Traumatic Brain Injuries (TBIs) are a leading cause of morbidity and mortality among trauma patients globally, with motor vehicle crashes (MVCs) being a major contributor. Namibia had a World Health Organization (WHO) estimated MVC-related fatality rate of 30.4 per 100 000 population in 2016, higher than that of the African continent, while no epidemiological studies describing the distribution and determinants of TBIs exist in the country. The study aimed to describe the characteristics of adult patients (≥18 years) with severe TBI secondary to MVCs which occurred in two regions of Namibia between the years 2014–2018.
A retrospective descriptive observational study was conducted in adult patients who sustained severe TBIs secondary to MVCs in two Namibian regions. The inclusion criteria were patients ≥18 years with a severe (as described on the Motor Vehicle Accident Fund system) MVC-related TBI who sustained an injury in the Otjozondjupa or Khomas regions between the years 2014–2018.
A total of 87 patients met the inclusion criteria, 65 (74.7%) from the Khomas region, and 22 (25.3%) from the Otjozondjupa region. The overall mean age of patients was 34 years (SD 11.79), most were male (n = 78. 89.7%) and 55.2% (n = 48) of all patients sustained an isolated TBI. The majority of the patients were admitted to a state healthcare facility (n = 52, 59.8%). Pedestrians were the most injured (n = 34, 52.3%) in the Khomas region while vehicle drivers were the most injured (n = 11, 50%) in the Otjozondjupa Region. A total of 34 (39.1%) patients died and 53 (60.9%) were discharged from hospital. Overall, there were no statistically significant relationships between patient outcomes and independent variables.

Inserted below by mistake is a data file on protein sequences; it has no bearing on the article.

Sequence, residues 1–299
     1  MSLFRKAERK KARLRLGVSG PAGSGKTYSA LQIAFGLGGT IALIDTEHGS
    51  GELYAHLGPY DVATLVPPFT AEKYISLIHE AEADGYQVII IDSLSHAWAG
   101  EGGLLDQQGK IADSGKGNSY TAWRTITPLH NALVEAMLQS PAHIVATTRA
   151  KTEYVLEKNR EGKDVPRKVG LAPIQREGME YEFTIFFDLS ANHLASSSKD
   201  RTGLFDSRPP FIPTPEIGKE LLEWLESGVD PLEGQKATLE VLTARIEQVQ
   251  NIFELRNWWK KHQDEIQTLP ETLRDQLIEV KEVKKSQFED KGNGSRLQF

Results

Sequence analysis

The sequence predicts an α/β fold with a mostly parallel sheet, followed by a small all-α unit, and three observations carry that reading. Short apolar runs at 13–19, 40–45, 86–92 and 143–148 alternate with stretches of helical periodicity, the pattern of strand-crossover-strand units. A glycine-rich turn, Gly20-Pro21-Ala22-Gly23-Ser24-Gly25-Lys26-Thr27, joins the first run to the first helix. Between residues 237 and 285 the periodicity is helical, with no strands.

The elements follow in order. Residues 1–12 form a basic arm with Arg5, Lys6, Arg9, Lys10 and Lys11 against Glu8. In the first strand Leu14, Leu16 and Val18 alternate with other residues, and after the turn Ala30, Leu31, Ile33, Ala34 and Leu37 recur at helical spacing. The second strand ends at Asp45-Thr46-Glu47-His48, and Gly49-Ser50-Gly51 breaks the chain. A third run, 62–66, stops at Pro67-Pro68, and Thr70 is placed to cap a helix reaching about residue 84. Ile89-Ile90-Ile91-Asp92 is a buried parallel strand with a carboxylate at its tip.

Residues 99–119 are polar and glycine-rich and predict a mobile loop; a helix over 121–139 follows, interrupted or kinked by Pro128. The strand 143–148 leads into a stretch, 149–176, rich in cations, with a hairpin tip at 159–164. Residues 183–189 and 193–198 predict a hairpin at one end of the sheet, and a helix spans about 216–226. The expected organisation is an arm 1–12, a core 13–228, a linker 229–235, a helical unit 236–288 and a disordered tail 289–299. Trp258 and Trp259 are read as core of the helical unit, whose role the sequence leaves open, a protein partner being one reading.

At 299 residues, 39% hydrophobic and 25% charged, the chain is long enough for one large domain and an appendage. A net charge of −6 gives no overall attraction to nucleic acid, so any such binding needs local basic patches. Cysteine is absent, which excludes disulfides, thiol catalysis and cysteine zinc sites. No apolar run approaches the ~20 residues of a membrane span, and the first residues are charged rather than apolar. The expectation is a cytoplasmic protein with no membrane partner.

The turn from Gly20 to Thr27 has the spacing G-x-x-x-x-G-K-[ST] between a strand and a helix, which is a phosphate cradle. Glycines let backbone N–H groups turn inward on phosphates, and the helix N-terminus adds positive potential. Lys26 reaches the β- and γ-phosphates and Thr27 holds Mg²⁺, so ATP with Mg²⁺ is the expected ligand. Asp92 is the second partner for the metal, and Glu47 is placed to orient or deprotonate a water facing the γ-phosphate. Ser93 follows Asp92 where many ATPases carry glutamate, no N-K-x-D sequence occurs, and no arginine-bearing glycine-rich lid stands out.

The study was to our knowledge the first to describe the epidemiology of TBIs in Namibia. Young individuals are the main people who sustained TBIs, which may subsequently place a socio-economic burden on the country. There is however limited research in Namibia to guide healthcare planning